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Crews test giant oil skimmer ship in the Gulf

NEW ORLEANS - Gulf of Mexico cleanup crews working to block millions of gallons of oil from reaching land may soon have a giant on their side, if a weekend test of a new skimmer goes well.

The Taiwanese vessel dubbed "A Whale," which its owners say is the largest oil skimmer in the world, began showing its capabilities yesterday just north of the Macondo Deepwater well. An April 20 explosion on the Deepwater Horizon rig there killed 11 workers and began what is now the Gulf's largest oil spill.

The vessel will cruise a 25-square-mile test site through today, according to TMT Shipping, the company that created Whale by retrofitting an oil tanker after the explosion sent millions of gallons of crude spilling into the Gulf.

The U.S. Coast Guard and BP are waiting to see whether the vessel, 10 stories high and as long as 3 1/2 football fields, can live up to its makers' promise of being able to process up to 21 million gallons of oil-fouled water a day. The ship takes in contaminated seawater through 12 vents, separates the oil out and pumps the cleaned water back into the Gulf.

"In many ways, the ship collects water like an actual whale and pumps internally like a human heart," TMT spokesman Bob Grantham said in an e-mail.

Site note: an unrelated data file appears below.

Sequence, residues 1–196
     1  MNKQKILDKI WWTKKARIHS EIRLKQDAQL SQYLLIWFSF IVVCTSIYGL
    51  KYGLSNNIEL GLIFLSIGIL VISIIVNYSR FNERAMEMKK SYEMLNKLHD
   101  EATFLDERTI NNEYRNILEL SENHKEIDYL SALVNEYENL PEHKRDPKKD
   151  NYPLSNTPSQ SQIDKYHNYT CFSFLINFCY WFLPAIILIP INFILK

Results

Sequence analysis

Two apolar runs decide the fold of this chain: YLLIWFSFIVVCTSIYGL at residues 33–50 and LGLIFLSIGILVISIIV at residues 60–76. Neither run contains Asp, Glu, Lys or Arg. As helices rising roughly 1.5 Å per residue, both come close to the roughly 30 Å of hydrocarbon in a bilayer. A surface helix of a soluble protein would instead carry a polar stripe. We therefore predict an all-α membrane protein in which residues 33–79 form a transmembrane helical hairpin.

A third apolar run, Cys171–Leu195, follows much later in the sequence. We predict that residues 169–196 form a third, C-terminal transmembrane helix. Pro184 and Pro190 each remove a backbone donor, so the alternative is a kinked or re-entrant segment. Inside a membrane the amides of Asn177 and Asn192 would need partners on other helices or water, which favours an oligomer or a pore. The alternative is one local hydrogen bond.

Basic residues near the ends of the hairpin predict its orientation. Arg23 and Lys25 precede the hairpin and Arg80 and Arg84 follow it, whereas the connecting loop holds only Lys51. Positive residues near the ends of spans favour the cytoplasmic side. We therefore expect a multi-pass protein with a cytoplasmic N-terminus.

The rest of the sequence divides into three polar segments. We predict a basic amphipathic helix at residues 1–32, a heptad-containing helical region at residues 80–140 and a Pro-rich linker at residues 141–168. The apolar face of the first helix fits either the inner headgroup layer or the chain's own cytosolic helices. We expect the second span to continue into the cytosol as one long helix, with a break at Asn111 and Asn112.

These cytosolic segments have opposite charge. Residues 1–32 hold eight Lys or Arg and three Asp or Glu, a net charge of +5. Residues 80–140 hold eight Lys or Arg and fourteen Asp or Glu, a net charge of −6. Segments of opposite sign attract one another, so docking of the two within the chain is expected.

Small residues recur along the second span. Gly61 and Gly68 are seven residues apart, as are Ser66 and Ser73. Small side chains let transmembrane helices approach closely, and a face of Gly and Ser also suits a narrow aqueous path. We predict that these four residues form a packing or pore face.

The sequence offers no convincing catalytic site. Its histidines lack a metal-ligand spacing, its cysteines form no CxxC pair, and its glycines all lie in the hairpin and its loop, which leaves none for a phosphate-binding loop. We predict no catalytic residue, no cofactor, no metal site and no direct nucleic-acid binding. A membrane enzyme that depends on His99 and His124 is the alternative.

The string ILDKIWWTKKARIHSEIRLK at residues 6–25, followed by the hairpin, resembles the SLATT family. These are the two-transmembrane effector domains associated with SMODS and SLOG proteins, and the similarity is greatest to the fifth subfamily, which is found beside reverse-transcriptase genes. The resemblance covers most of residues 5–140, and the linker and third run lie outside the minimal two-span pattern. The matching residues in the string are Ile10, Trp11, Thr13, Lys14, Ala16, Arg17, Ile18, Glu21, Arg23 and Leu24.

Whale is being tested close to the wellhead because officials believe it will be most effective where the oil is thickest rather than closer to shore.

The ship arrived in the Gulf on Wednesday, but officials have wanted to test its capability and have the U.S. Environmental Protection Agency sign off on the water it will pump back into the Gulf. The ship cleans most of the oil from seawater, but trace amounts of crude remain.

A smaller flotilla of oil skimmers was back at work along the Gulf Coast yesterday, after being forced to stand down for several days because of nasty weather from distant Hurricane Alex.

Also Saturday, EPA Administrator Lisa Jackson visited Pensacola Beach, Fla. She said that despite the level of contamination on the beaches, it should be up to local officials to decide whether to close them.


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